Pechatnov V.O.

«Conscience of the World» or «Conspiracy of Silence»? To the Anniversaries of the Évian and Bermuda Conferences

The article represents a complex and multifaceted analysis of different aspects related to the Evian and Bermuda conferences and is based on new scientific literature and archival documents. The aspects include such issues as prerequisites for conferences in the documents of the USSR Embassy in Poland as of 1923, historical and legal analysis of the activities and outcomes of conferences from the perspective of international legal regulation of forced population migration, the evolution of F. Roosevelt’s administration policy on the issue of Jewish immigration in the 1930s-1940s, as well as the reaction of the Jewish world to the conferences.

European studies

The study of Western countries and teaching courses on the related subjects have longstanding and established tradition at MGIMO-University. The basis of this brilliant research and teaching tradition was laid down by such academicians as E.V. Tarle and V.G. Trukhanovsky, Professor L.I. Clove, Y. Borisov, F.I. Notovitch, G.L. Rozanov. Their work in 1940-1960's at the Department of World History at MGIMO-University progressed in following directions: France studies, German studies, American studies. The work resulted in a number of monographs and textbooks on modern history and foreign policy of the studied countries and regions. The aim of the publications was dictated by the goal of the Institute – to prepare the specialists in international affairs primarily for practical work. A close relationship with the Foreign Ministry was "binding advantage," sometimes limiting researchers in choosing periods and subjects for the study.
At the same time the undisputed advantage and quality of regional studies at MGIMO were strengthened by the practical relevance of research, making it a vital and interesting not only for specialists but also for students and researchers from other research centers. Another characteristic of the tradition is the analysis of foreign policy and diplomacy in a close relationship with the socio-economic and political processes. Such an integrated approach to regional geography also formed largely under the influence of institutional profile designed to train highly skilled and versatile specialists in specific countries and regions with a good knowledge of their languages, history, economics, politics, law and culture.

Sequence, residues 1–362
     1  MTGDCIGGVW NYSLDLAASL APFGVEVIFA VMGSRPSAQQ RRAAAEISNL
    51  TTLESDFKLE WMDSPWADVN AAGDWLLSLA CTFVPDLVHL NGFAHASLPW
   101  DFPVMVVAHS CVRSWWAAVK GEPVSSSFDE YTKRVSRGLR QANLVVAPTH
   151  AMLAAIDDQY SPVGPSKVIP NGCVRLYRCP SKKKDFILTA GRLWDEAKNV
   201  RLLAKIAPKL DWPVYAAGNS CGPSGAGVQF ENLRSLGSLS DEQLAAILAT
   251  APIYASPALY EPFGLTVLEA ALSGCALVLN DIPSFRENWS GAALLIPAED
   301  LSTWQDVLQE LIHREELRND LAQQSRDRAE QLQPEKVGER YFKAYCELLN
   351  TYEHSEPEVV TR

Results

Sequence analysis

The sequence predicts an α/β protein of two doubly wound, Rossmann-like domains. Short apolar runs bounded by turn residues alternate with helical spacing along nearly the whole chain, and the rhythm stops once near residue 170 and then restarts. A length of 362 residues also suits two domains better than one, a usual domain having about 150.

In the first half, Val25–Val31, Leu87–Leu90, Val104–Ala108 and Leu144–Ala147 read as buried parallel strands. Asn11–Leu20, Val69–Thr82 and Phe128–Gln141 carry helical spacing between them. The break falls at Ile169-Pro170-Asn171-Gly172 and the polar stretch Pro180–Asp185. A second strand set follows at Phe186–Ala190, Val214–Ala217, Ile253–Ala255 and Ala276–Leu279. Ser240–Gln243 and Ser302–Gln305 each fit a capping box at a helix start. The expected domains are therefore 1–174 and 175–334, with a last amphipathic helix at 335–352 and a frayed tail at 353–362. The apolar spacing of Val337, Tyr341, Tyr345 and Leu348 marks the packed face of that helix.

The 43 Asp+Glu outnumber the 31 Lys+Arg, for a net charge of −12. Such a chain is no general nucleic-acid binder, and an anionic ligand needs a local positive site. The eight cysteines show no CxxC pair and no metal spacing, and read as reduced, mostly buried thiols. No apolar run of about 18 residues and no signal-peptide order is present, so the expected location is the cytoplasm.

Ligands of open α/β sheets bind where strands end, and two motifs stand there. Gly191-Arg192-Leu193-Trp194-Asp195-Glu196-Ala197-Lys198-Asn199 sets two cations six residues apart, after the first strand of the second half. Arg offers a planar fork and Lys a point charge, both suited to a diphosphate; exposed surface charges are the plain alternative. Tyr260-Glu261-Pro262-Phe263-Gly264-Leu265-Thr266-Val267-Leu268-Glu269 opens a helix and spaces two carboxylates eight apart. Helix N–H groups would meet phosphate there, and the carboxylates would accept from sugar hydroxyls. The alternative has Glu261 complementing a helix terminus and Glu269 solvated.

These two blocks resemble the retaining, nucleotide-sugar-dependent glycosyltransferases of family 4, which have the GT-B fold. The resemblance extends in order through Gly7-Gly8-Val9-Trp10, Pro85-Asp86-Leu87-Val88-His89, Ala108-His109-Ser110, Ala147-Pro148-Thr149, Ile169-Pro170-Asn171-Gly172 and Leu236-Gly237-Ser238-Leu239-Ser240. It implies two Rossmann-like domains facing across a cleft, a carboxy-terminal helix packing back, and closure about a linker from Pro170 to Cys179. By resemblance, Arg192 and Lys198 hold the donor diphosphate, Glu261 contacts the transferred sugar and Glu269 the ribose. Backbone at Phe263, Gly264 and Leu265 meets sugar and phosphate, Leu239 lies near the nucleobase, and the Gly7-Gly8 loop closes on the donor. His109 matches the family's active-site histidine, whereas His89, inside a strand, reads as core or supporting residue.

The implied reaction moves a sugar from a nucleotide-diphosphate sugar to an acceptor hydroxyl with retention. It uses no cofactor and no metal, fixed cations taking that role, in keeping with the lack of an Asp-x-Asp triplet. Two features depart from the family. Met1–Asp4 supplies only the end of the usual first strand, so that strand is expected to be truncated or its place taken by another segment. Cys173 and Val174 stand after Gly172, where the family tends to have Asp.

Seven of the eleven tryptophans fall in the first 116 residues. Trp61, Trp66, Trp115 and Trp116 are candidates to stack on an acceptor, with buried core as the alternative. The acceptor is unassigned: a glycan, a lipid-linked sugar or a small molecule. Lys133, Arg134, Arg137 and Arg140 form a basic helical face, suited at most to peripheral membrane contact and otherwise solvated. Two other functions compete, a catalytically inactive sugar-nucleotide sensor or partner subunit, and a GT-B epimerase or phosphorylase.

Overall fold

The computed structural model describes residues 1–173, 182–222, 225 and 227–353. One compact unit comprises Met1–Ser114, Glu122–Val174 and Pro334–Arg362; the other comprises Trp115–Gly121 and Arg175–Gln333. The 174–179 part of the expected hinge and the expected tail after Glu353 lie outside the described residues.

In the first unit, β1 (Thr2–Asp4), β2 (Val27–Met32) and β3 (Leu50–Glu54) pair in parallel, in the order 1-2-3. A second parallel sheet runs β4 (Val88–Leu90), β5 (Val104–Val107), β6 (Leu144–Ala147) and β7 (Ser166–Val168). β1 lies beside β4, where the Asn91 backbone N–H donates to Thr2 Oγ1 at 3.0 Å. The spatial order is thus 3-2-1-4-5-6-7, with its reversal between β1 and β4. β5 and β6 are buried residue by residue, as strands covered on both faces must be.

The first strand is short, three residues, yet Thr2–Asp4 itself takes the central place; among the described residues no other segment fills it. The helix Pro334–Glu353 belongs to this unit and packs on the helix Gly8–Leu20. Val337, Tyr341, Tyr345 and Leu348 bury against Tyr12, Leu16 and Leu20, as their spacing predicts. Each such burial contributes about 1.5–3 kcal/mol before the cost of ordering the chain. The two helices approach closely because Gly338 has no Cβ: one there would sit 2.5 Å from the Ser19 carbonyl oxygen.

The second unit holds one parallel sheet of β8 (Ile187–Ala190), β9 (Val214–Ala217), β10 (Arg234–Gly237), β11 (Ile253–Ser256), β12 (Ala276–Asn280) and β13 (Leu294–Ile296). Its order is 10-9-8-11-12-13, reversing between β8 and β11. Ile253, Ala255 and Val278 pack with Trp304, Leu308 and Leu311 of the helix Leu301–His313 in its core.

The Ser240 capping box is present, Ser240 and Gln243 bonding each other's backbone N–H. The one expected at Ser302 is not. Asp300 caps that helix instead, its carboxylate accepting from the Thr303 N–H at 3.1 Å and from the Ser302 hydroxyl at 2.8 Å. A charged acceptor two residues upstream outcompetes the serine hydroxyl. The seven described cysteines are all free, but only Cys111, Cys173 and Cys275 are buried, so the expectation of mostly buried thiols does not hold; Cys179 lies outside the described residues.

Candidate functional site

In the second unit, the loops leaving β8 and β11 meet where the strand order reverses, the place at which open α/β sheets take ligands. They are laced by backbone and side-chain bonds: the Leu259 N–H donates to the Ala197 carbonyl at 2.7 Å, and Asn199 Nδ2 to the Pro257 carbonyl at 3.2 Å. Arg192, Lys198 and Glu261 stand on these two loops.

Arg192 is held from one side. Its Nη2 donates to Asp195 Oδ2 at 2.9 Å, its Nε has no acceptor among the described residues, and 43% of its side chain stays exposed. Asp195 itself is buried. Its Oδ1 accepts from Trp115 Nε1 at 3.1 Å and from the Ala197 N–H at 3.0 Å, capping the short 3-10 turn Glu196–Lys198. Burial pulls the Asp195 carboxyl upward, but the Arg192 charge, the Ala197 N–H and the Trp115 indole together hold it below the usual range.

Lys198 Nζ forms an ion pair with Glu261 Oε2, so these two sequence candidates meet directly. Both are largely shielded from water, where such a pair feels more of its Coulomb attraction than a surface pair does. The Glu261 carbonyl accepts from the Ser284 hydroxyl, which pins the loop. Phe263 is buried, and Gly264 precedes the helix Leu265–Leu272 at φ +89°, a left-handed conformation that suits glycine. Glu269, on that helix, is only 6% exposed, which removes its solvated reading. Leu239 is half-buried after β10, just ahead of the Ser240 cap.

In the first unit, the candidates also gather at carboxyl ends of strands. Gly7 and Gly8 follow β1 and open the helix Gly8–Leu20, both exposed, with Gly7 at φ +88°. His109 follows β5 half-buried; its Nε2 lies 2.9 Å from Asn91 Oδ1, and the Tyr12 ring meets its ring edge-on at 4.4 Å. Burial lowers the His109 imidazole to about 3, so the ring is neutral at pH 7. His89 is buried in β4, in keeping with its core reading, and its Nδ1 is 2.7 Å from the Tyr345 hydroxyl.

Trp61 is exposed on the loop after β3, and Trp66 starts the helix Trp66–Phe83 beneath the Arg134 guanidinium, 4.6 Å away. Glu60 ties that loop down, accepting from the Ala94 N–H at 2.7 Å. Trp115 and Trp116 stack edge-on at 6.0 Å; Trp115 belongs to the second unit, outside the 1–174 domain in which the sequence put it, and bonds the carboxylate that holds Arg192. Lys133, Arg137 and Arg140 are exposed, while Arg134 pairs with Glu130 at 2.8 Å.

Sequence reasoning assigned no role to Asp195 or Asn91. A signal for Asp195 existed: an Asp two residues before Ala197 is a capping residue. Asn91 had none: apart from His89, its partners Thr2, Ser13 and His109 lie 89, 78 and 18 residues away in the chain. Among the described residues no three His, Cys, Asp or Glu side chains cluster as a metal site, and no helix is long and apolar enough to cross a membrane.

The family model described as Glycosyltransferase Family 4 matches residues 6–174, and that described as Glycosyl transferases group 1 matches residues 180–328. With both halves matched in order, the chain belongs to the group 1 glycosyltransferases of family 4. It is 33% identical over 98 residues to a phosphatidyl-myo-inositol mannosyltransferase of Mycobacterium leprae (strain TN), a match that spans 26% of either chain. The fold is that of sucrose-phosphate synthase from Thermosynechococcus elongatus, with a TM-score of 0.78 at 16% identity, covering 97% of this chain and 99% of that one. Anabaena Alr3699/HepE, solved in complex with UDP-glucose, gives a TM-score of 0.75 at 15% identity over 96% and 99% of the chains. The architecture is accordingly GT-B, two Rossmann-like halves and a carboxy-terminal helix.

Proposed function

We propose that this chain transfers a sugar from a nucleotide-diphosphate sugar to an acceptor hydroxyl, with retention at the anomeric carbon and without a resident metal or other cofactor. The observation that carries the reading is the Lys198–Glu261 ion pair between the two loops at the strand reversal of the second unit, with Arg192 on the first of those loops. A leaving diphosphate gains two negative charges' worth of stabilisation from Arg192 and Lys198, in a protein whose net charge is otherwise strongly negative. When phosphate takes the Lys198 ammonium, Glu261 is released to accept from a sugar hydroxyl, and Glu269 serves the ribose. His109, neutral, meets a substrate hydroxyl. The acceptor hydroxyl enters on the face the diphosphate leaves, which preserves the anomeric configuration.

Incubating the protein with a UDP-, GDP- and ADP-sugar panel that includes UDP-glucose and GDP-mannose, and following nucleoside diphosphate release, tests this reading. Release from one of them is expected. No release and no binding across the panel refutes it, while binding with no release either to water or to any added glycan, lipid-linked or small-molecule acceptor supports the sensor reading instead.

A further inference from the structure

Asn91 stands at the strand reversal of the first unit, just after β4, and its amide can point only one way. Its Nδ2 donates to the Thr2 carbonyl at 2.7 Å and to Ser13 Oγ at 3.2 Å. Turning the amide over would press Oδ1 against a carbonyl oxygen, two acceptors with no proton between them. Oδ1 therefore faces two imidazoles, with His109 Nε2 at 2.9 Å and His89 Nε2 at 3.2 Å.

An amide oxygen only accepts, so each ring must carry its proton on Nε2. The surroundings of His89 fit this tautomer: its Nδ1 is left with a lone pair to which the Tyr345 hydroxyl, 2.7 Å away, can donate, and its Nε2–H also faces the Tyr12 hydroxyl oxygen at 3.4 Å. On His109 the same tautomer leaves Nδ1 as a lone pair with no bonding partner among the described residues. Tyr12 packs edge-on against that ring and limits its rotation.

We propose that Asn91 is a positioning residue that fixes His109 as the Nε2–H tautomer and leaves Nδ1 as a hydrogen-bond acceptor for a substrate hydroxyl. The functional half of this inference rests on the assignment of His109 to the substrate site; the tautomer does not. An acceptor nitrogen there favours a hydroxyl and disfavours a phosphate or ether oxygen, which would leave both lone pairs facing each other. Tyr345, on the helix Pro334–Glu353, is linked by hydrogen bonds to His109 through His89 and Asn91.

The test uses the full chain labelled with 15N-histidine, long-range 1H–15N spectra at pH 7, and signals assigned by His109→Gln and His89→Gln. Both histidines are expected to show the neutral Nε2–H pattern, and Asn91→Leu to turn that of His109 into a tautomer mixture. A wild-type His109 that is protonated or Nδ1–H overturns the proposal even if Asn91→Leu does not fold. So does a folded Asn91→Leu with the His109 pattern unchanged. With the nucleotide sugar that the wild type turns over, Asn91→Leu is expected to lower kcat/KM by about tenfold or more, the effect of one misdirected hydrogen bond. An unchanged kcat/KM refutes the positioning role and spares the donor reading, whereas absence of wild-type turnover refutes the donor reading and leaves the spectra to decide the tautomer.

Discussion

American studies at MGIMO

The "Founding fathers" of American Studies at MGIMO are considered to be A.V. Efimov and L.I. Clove. Alexey Efimov – Corresponding Member of the USSR Academy of Sciences since 1938, Head of the Department of Modern and Contemporary History and Dean of the Historical School at the Moscow State University - one of the first professors of the Faculty of International Relations MGIMO. Efimov distinguished himself by a broad vision and scope of scientific interests. Back in 1934 he published a monograph "On the history of capitalism in the United States," which initiated a series of research culminating in the fundamental work “The United States. The path of capitalist development (pre-imperialist era)”. Alexey was not only a great scientist but also a great teacher, whose lectures was popular throughout Moscow. His lecture courses, given at the end of the 1940s at MGIMO, became the basis for the first post-war history textbooks USA – "Essays on the history of the United States."

The Battle of Stalingrad and the Second Front Problem

The problem of the second front is one of the most well studied in the Russian and foreign literature on the diplomatic history of World War II. However, some gaps still remain, caused by the lack of analysis of the British and American diplomatic archives by Russian researchers, as well as by involuntary concealment of "uncomfortable" facts by Western historians, who tend to a smoothed version of the diplomatic struggle on this issue.

The Battle of Stalingrad and the Second Front Problem

Using less-known documents from American and British archives the article examines the impact of developments on Soviet-German front in late 1942 on military-political planning in U.S. and U.K. with a special emphasis on the second front problem. It is demonstrated how deeply the German defeat at Stalingrad affected Anglo-American military and intelligence estimates of situation at Soviet- German front and prospects of the war in general.